Poe’s first-person narration style in “The Cask of Amontillado” allows the reader to experience a different type of story, from an unusual perspective. By making a killer the narrator, and by making him familiar with the audience, we can see the situation in different darker light. Rather than focusing on the actual physicality and action that takes place in the story, Poe focuses on the thoughts and emotions of the main character, thus making for a more intimately disturbing story for the
Though Poe’s fame did not come in his life time he has truly been an inspiration and his writing style a model for writers today (work – cited poe museum). Analyzing Poe’s work takes time to understand what is happening and why the characters has the motivations for the task they did, this becomes very apparent in Poe’s “most perfect short story”, “The Cask of Amontillado” (work cited – cliff notes).
"The Cask of Amontillado" is a good example of stories where irony plays a big role. The irony in the characters and situations that occur makes the story really stand out. Poe's plan of making the characters names is ironic put a completely different spin to the story. Both verbal and dramatic irony made "The Cask of Amontillado" more interesting. "The Cask of Amontillado" shows that any friendship can take a turn for the worst whether one expects it to or not. It is the perfect example of the saying "keep your friends close but your enemies
The mood established by Edgar Allan Poe in his short story, "The Cask of Amontillado," plays a crucial role in conveying to the reader his underlying theme. For example, when Montresor, the narrator, st...
Edgar Allen Poe uses irony and poetic justice all throughout “The Cask of the Amontillado”. The places where irony and poetic justice hold the most significance are the scenes where, Montresor speaks of the wronging done to him by Fortunato, where Montresor and fortunato speak of the coat of arms, and where at the very end when Montresor traps Fortunato in the catacombs and leaves him to die. These scenes clearly show the use of these two tools that Poe used to tell the story of Montresor and
“The Cask of Amontillado” is a dark piece, much like other works of Edgar Allan Poe, and features the classic unreliable narrator, identified by himself only as Montresor. This sinister central character is a cold ruthless killer that is particularly fearsome because he views murder as a necessity and kills without remorse. Montresor is a character who personifies wickedness. Poe uses this character and his morally wrong thoughts and actions to help the reader identify with aspects of the extreme personage, allowing them to examine the less savory aspects of their own. The character of Montresor detailing the glorious murder he committed is a means of communicating to the reader that vengeance and pride are moral motivators that lead to treacherous deeds and dark thoughts.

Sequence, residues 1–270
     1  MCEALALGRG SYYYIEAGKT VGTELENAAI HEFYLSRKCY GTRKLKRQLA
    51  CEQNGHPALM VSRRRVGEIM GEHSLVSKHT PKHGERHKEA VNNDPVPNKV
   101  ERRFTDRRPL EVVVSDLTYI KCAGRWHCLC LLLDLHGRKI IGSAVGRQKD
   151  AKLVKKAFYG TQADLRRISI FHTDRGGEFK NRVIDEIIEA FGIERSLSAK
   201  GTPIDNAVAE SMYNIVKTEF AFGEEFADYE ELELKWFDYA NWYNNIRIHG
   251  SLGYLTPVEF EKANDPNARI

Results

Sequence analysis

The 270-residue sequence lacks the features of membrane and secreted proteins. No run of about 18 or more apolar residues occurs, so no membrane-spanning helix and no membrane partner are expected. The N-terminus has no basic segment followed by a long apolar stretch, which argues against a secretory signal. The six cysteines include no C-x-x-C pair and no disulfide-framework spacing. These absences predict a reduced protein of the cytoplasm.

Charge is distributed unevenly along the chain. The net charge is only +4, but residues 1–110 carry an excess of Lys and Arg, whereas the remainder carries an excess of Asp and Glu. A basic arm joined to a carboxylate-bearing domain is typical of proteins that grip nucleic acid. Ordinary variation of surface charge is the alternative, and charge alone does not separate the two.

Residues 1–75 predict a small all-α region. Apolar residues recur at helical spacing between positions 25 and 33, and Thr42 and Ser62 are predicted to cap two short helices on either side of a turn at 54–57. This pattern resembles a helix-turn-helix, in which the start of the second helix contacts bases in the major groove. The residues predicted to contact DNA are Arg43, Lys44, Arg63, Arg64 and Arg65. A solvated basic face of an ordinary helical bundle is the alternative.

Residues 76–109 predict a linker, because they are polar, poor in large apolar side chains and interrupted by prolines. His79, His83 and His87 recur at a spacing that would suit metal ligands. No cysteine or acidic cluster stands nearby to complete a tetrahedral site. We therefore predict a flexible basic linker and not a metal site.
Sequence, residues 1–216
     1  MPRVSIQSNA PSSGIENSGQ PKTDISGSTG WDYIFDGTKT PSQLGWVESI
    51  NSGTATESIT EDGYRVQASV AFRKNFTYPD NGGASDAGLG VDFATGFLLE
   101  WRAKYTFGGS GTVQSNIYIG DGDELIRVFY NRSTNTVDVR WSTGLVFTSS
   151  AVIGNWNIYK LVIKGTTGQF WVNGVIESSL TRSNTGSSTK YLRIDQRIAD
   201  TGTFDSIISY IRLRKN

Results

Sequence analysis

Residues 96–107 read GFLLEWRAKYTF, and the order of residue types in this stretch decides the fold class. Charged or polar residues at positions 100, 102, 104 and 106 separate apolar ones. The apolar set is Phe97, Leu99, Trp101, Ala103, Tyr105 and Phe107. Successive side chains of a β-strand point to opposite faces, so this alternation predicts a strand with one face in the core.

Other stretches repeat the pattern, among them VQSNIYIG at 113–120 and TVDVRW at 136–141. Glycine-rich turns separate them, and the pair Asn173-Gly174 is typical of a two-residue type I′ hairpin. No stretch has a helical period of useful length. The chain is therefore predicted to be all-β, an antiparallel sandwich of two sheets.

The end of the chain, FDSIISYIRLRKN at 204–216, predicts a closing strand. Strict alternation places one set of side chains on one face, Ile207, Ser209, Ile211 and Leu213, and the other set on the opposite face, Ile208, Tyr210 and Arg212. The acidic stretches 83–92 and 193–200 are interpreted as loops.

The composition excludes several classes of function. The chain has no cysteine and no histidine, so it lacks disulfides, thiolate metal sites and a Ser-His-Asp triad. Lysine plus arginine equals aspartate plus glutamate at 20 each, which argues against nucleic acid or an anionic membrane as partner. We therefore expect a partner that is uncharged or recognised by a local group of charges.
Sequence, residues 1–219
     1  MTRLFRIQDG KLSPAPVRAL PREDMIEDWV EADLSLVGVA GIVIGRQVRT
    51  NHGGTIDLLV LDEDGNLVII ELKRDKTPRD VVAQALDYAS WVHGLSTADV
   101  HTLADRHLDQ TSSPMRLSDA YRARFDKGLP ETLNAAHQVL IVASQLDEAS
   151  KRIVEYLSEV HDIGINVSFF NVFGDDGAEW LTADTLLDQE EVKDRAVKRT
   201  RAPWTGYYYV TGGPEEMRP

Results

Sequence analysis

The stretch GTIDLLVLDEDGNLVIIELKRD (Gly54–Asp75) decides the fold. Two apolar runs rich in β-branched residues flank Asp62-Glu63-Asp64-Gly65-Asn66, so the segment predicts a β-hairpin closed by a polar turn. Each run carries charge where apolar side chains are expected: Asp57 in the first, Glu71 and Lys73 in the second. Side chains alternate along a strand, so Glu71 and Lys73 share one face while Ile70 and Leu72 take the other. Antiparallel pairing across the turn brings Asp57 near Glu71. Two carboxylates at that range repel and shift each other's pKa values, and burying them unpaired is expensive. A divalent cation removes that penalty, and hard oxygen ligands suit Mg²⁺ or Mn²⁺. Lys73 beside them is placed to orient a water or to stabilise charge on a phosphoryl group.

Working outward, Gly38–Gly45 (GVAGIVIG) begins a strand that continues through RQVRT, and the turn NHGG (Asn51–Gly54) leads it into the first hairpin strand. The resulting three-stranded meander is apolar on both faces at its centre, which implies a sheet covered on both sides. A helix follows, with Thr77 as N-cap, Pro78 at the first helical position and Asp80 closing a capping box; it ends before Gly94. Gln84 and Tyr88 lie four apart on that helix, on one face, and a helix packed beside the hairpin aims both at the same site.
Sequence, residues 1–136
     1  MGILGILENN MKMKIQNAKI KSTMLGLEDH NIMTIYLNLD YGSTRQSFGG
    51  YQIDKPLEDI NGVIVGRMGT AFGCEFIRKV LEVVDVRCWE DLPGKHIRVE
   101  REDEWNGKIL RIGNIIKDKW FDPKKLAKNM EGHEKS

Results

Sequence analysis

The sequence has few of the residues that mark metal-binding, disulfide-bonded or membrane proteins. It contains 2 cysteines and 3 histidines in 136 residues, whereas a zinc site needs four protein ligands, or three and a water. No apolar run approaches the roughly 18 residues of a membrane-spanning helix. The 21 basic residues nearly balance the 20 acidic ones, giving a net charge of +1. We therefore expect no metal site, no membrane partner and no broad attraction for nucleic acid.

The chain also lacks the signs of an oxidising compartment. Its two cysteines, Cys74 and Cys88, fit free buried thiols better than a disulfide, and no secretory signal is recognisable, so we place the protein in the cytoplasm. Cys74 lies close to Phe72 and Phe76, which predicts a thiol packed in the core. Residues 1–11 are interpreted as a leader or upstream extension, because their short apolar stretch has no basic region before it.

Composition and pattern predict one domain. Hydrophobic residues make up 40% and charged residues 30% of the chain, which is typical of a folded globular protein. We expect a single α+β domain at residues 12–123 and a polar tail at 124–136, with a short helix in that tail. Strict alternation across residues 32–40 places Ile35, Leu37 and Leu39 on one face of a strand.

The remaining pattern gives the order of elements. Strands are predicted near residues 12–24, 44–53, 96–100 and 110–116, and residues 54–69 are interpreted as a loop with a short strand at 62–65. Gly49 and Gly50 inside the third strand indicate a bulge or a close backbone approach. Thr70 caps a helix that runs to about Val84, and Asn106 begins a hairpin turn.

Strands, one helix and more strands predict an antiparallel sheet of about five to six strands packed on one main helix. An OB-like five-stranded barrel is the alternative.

Edgar Allen Poe’s gruesomely fascinating tale of vengeance and murder, “The Cask of Amontillado”, achieves its effect only through its usage of the first person point of view. This unusual perspective enables the reader to view the characters and conflicts through the eyes of the narrator, as he first discusses and justifies, and eventually, carries out his plans for the ruthless murder of his friend. The eerie tone and disorienting and materialistically-related setting of the story contribute to its theme of defending one’s honor and name and avenging all wrongdoings, even something so small as an insult.
"The Cask of Amontillado" is one of Edgar Allan Poe's greatest stories. In this story Poe introduces two central characters and unfolds a tale of horror and perversion. Montresor, the narrator, and Fortunato, one of Montresor's friends, are doomed to the fate of their actions and will pay the price for their pride and jealousy. One pays the price with his life and the other pays the price with living with regret for the rest of his life. Poe uses mystery, irony, and imagery to create a horrifying, deceptive, and perverse story.
Hess, Julie R. "Poe's Use of Irony in "The Cask of Amontillado"." Writing for the Arts and Humanities. December 2, 2005. http://www.webpages.shepherd.edu/jhess02/TheCaskofAmontilladobyPoe.htm (accessed January 30, 2014).
Irony and symbolism are tools used in writing to convey individual messages throughout the story. It is Edgar Allan Poe’s intense use of symbolism and irony throughout the Cask of Amontillado that gives this short story its suspense and horror filled theme.
Edgar Allan Poe's strong use of symbols throughout "The Cask of Amontillado" is what makes this story worthy of examination. The clever use of these devices by the author to shape this horrifying and gripping short story has made this piece be regarded as a classic American horror story, which revolves around the theme of vengeance and pride.